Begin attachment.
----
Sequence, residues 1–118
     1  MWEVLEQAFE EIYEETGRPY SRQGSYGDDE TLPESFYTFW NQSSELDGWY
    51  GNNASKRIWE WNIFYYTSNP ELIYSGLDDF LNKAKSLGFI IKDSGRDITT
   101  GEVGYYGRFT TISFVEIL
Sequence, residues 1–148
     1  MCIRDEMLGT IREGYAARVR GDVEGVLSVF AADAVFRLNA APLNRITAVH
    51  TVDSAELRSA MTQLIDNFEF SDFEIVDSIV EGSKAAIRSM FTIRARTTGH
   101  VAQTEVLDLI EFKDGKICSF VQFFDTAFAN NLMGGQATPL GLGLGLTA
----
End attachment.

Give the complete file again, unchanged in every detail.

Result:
Sequence, residues 1–118
     1  MWEVLEQAFE EIYEETGRPY SRQGSYGDDE TLPESFYTFW NQSSELDGWY
    51  GNNASKRIWE WNIFYYTSNP ELIYSGLDDF LNKAKSLGFI IKDSGRDITT
   101  GEVGYYGRFT TISFVEIL
Sequence, residues 1–148
     1  MCIRDEMLGT IREGYAARVR GDVEGVLSVF AADAVFRLNA APLNRITAVH
    51  TVDSAELRSA MTQLIDNFEF SDFEIVDSIV EGSKAAIRSM FTIRARTTGH
   101  VAQTEVLDLI EFKDGKICSF VQFFDTAFAN NLMGGQATPL GLGLGLTA